Diocles, in the first book of his Hygiene,​158 says: "The molluscs incite to pleasure and desire, especially polyps." Aristotle​159 records that the polyp has  p423 eight feet, of which the two upper and lower​160 are smallest, while those in the middle are largest; it also has two suckers by which its food is drawn in; Dtwo eyes above the two front feet; the mouth and teeth in the centre, between the feet. Dissection discloses that it has a bipartite brain. It also has the well-known dark juice, not black like that of the sepia, but reddish, contained in what is known as the poppy. This ink-bag, resembling a bladder, is situated above the stomach. It has no corresponding gut. As food it sometimes uses the tiny flesh-parts of shell-fish, throwing the shells outside its lairs; Efrom this habit the fishermen detect its presence. Generation takes place by embrace, and coition lasts a long time because the creature has no blood. It spawns through the so‑called blow-pipe, which is a tube in its body. The eggs thus spawned are in clusters. They say that whenever it lacks food it eats itself. One of these authorities is the comic poet, Pherecrates. He, namely, in the play entitled Savages,​161 says: "What! Live on chervil, wild herbs, and shriveled olives, and when their hunger becomes so very extreme, Fthen, like the polyps, gnaw at neither their own fingers?" And Diphilus in The Merchant:​162 "A. He's a polyp, that has all its feelers whole. B. You mean, dear friend, that he hasn't gnawed himself off." But this notion is false. For it is  p425 hunted by conger-eels and has its feet injured by them. It is also said that if you drop salt on its lurk-hole, it will immediately come out. Further, it is recorded that when it runs away in fear it changes colour, taking on the same hues as the places in which it hides. 317Hence the Megarian Theognis says in his elegiac verses:​163 "Hold fast to the ways of the polyp, which appears to the eye like the rock to which it clings." Clearchus records the like in the second book of his work On Proverbs,​164 citing the following verses without disclosing their author: "With the cunning of the polyp, my son, mighty Amphilochus, Badapt thyself to the people into whatsoever country thou come." Clearchus also says that "in Troezen, in the old times, it was not lawful to catch either the sacred polyp, as it was called, or the nautilus-polyp, but they forbade touching them, and the sea tortoise as well. The polyp is easily liquefied,​165 also very stupid; for it goes up to the hand of its pursuers and sometimes, when pursued, it does not retreat. The females liquefy after spawning and grow weak, hence they are easily caught. They have even been seen at times to come out on the shore, especially in rocky places; Cfor they avoid smooth ground. They even like plants, such as olives, and are found with their tentacles grasping the stalk." (They have also been caught closely entwined with fig-trees which grow near the water,  p427 and eating figs, as Clearchus says in his book On Water Animals.)​166 "A proof of their liking for the olive is also this: Dif you let down a branch of this tree into the water where there are polyps, and wait a little, you will easily pull up as many as you want clinging to the branch. Though the other parts are very strong, the neck is weak."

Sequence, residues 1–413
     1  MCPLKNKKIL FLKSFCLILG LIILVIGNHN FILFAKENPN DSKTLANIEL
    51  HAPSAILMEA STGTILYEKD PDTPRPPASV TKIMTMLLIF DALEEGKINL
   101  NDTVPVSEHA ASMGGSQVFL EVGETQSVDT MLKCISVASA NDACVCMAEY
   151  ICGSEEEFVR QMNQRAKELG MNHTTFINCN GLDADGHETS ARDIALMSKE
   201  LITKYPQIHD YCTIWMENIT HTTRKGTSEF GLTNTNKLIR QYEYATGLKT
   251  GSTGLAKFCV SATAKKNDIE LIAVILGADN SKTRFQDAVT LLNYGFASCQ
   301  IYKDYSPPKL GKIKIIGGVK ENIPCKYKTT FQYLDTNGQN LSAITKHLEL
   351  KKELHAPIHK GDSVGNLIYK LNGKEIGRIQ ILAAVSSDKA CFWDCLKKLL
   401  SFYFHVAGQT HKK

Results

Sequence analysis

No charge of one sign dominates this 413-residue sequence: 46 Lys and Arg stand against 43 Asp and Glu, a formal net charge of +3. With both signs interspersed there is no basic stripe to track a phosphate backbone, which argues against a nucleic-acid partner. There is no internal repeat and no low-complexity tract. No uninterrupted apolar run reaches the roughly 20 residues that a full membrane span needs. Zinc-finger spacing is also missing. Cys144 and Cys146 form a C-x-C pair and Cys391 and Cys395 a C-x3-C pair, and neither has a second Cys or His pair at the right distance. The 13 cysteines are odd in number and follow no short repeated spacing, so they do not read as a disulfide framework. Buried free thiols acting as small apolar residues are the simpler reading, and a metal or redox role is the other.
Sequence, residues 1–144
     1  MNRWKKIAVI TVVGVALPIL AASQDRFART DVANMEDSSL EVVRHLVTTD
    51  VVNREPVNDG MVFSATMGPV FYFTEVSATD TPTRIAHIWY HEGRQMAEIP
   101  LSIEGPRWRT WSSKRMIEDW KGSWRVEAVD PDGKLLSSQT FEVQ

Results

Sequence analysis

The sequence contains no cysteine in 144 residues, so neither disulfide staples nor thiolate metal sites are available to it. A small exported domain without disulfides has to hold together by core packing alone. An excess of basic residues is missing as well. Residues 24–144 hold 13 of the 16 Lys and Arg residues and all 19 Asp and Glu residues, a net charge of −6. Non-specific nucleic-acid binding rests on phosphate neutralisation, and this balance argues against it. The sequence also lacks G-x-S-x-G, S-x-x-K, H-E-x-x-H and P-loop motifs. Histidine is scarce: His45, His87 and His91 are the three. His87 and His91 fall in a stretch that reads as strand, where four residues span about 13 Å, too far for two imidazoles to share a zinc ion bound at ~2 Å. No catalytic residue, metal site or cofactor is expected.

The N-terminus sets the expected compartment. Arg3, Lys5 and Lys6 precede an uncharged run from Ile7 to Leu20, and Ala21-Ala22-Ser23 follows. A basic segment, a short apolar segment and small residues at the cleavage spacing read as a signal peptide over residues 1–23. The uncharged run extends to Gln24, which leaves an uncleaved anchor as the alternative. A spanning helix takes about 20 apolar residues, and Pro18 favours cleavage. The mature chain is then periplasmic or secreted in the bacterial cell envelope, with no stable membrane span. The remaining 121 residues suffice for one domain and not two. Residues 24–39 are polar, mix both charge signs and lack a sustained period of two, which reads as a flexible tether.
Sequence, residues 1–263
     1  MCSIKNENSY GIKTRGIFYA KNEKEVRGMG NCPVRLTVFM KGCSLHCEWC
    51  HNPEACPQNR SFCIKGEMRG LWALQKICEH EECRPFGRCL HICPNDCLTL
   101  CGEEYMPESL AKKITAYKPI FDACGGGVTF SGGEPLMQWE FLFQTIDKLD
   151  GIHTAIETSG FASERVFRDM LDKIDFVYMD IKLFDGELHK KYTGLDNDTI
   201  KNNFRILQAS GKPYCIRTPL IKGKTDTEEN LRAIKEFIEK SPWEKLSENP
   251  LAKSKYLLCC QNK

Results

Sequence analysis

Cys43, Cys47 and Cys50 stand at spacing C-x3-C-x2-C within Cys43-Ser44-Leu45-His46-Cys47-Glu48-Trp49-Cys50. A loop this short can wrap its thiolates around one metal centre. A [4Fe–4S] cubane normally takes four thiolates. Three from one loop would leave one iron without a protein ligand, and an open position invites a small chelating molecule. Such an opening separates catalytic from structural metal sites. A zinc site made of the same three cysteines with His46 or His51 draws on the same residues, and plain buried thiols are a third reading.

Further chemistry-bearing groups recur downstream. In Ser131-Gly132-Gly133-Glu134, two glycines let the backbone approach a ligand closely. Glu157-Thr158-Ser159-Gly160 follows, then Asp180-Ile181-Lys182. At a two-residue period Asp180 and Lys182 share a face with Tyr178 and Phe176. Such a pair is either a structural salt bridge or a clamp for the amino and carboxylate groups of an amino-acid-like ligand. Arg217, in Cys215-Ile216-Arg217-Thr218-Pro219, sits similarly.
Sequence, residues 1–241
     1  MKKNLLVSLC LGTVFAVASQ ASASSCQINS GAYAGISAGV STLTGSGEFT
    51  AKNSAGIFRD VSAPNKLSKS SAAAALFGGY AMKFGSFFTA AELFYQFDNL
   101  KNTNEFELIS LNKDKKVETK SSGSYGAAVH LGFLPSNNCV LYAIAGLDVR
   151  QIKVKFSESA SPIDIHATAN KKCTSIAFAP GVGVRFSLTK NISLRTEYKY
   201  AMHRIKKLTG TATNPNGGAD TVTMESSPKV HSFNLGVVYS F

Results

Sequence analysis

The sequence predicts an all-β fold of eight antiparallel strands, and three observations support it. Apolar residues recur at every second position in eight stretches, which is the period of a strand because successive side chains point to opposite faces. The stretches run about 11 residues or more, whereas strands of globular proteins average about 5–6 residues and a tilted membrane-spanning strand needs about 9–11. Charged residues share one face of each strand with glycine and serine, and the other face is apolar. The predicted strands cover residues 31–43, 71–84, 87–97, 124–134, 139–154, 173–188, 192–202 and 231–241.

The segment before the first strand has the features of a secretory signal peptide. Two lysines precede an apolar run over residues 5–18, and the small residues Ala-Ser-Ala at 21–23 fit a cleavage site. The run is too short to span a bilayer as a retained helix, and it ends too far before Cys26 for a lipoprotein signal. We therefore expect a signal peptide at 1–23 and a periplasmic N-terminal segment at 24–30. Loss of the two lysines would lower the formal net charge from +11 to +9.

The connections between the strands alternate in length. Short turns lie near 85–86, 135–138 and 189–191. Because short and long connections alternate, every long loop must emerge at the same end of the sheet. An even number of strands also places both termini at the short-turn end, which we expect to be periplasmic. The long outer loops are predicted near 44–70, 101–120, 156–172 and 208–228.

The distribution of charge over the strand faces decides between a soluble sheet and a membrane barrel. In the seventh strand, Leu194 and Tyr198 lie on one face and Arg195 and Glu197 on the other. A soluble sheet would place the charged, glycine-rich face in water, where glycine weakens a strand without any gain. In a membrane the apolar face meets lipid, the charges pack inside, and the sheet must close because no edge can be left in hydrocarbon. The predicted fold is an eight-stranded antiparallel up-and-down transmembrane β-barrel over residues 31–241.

It is said that the male trails along​167 a kind of genital organ in one of the tentacles in which are the two larger suckers. It is a sinewy substance adhering throughout its entire length to the tentacles as far as its middle. In the fifth book of The Parts of Animals Aristotle​168 says: "The polyp copulates in winter and spawns in the spring. It lives in holes for about two months. EThe creature is very prolific. The male differs from the female in having a head which is more extended in length, and in having what fishermen call its male organ in one tentacle. It broods upon its eggs after it spawns them, hence it is poorest at that season. The polyp drops its spawn into holes or a jar or anything else like it which is hollow. After fifty days the young polyps issue from the eggs like spiders, in great numbers. The female polyp sometimes sits over the eggs, sometimes over the mouth of its lair, Fwith tentacles outstretched." Theophrastus, in the book On Animals that change Colour,​169 says that the polyp blends its colour only with that of rocky places, doing this through fear and in self-protection. In his book On Animals living on Land170 he says that polyps do not take in  p429 sea-water. In the book On Local Differences171 he says that they are not found in the Hellespont. For the water here is cold and less salty, and both these conditions are inimical to a polyp. "The so‑called nautilus," says Aristotle,​172 "is really not a polyp, though having a resemblance in the tentacles. But its back is that of a testacean. 318It rises out of the bottom holding its shell over it that it may not take in water. It turns itself over and sails along with two of its tentacles upraised. These have a thin membrane growing between them, just as the feet of birds are seen to have a skinny membrane between the toes. It drops two other tentacles into the water, which it uses like rudders. But when it sees anything approaching, it contracts its feet, fills itself with water, and retires to the bottom with all speed." BBut in the work Pertaining to Animals and Fishes he says: "One kind of polyp is the turn-colour, another the nautilus."